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Illinois Could Soon Face Housing Crisis, So Why Are So Many CHA Homes Sitting Vacant?

CHICAGO (CBS) -- Illinois could face a housing crisis when the moratorium on evictions is lifted this month.

But as CBS 2's Jim Williams reported Monday, thousands of Chicago public housing homes are off limits - even though they're vacant.

In Logan Square, where affordable housing is coveted and increasingly rare, a single-family house sits vacant. Attorney Cherie Travis is bewildered as to why.

"That made no sense to me," Travis said. "There's government-owned property that the taxpayers own that's not being used."

The home is indeed owned by the Chicago Housing Authority - the government agency charged with providing homes for low income Chicagoans.

"It looks like it's a really cute house," Travis said.

And CHA records said that cute house has been unoccupied for three years.

Travis is herself a landlord.

"Maybe a month goes in by between tenants. I mean, maybe I've got to do some repairs in between - maybe, you know, 30, 60 days," she said. "But three years?"

Travis filed a Freedom of Information Act request and learned the Logan Square home is on a long list of vacant properties owned by the CHA - single family houses, two- and three-flats, and big apartment buildings.

Altogether, there are roughly 2,000 vacant CHA properties.

This is in a city with a large homeless population.

"I was in a domestic violence relationship which caused me to become homeless," said Bonnie Contreras.

Contreras, of the group Chicago Union of the Homeless, told us she's been on a CHA waitlist for a home for years.

"I would love it. I would love it right now," Contreras said, "because I'm tired of being homeless."

We asked for an interview with CHA officials. Instead, CHA spokesman Matthew Aguilar emailed a statement.

The statement said the CHA has 16,000 units - some of which are "vacant for painting and minor repairs;" others for more extensive work. Housing for the homeless is a priority, he wrote.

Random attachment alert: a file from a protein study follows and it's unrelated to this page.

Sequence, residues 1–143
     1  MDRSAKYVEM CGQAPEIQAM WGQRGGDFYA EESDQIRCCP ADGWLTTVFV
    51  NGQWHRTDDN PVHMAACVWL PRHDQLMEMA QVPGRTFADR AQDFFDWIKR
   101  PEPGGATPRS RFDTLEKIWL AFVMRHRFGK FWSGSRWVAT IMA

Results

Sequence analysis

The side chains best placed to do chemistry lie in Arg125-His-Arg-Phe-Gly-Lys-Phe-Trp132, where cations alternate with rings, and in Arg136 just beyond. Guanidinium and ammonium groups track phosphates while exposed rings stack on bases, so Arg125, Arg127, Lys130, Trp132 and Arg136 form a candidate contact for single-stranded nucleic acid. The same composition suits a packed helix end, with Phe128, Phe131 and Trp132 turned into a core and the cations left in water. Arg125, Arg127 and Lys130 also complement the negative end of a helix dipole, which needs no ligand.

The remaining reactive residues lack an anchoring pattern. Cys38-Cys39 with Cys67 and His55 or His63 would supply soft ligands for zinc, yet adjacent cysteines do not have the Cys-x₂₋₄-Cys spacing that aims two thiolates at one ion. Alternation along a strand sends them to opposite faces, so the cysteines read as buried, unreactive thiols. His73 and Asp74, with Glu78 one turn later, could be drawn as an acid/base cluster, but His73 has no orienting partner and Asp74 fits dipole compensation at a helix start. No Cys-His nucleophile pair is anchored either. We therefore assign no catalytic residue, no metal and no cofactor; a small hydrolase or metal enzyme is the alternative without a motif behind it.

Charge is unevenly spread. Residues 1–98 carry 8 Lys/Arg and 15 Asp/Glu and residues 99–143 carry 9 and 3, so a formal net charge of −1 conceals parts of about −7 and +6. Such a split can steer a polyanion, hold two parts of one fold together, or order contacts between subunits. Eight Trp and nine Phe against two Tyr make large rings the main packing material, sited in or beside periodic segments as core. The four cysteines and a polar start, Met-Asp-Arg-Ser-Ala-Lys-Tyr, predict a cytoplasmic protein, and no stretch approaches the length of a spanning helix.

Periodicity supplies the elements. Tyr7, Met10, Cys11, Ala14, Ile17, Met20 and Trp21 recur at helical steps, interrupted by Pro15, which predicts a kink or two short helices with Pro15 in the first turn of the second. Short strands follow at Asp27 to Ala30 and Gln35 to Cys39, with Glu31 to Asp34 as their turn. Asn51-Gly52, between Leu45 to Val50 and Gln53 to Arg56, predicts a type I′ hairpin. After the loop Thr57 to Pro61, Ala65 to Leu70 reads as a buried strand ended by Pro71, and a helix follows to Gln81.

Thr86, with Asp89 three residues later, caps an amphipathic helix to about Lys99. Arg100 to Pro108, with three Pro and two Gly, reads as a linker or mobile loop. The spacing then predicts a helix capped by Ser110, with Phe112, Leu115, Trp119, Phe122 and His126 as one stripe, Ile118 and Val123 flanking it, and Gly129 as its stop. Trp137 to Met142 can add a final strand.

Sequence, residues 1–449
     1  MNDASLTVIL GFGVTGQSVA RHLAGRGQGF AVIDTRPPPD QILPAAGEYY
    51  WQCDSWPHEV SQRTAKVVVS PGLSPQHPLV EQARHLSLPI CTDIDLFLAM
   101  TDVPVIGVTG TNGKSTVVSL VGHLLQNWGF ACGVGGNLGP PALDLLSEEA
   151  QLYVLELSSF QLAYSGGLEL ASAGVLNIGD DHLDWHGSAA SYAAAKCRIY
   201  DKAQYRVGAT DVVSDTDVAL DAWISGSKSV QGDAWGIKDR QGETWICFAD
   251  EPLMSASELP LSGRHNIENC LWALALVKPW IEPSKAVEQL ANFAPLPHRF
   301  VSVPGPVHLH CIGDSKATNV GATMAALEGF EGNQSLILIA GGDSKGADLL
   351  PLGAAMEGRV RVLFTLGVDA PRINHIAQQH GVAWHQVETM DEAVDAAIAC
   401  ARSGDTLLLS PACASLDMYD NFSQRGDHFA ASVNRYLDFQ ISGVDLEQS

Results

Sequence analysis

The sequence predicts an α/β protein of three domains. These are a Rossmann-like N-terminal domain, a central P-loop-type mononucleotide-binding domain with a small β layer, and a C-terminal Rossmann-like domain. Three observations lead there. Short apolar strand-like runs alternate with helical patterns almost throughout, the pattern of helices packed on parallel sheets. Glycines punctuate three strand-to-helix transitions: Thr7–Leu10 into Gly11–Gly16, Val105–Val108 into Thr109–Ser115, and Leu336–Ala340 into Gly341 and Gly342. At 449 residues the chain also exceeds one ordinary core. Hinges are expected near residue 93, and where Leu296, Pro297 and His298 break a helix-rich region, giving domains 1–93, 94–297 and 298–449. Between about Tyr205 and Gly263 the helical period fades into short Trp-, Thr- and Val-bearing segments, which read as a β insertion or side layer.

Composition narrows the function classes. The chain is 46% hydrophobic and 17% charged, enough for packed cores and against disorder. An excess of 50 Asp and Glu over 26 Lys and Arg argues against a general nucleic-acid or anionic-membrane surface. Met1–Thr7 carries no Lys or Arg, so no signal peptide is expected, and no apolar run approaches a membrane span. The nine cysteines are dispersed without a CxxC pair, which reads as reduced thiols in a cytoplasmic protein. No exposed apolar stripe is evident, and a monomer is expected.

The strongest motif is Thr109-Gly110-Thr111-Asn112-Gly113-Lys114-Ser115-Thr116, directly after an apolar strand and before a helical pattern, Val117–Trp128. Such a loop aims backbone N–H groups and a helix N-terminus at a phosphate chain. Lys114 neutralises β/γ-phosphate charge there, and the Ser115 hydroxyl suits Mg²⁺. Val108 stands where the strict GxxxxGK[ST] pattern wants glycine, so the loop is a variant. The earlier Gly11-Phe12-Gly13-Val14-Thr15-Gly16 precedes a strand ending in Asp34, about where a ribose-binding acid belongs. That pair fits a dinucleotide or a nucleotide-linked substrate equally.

Aguilar in particular addressed two developments with multiple vacant apartments – the Lathrop Homes in the area of Damen and Clybourn avenues and Diversey Parkway which have been undergoing redevelopment for years, and the Cabrini Rowhouses – the last remaining part of the Cabrini Green development, located between Oak Street on the north, Chicago Avenue on the south, Hudson Avenue on the east, and Larrabee Street on the west – but vacant and fenced off everywhere but a small section along Cambridge Avenue and adjacent east-west stubs.

Aguilar wrote that the CHA has issued a request for proposals to engage developers for 438 units at the Cabrini Rowhomes, and plans to complete a review of the proposals this year.

Meanwhile the CHA is still building upon the first redevelopment phase at Lathrop, where 414 mixed-income units have already been constructed and leased. A real estate financing closing for the next phase of development at Lathrop is expected to happen this year, Aguilar wrote.

The planning process there for subsequent phases and about 500 mixed-income units continues, Aguilar wrote.

"Like the redevelopment of other former CHA public housing sites, CHA has worked with community Working Groups, the City of Chicago, the Department of Planning and Development, the Department of Housing, resident leadership and other community stakeholders, to determine the plans that best meet the needs of both communities," he wrote.

We asked the CHA if they would show us any work being done at the vacant units. They did not respond.

We also asked how many of the vacant homes have been offered to tenants in the last two years. Again, the CHA did not answer.

And it's not just vacant housing in the CHA's portfolio. A commercial building in the Washington Park community is also empty.

"I was disappointed, to say the least," said Rynell Morgan.

Morgan, a coach with the Youth Football Wolfpack, wanted to create a community center in the Washington Park building.

Though the building is in poor shape, he and the coaches offered to buy it. But they insist they never heard back from the CHA.

"We could have touched many, many more lives, you know?" Morgan said. "We could offer tutoring; an after school program. We can reach out to the seniors and get to seniors in the daytime."

Travis was working for the coaches, free of charge, and is left with one question about the CHA's vacant property.

"I just can't understand how the people of the CHA are allowing this to happen," Travis said. "I can't understand how the city is OK with this."


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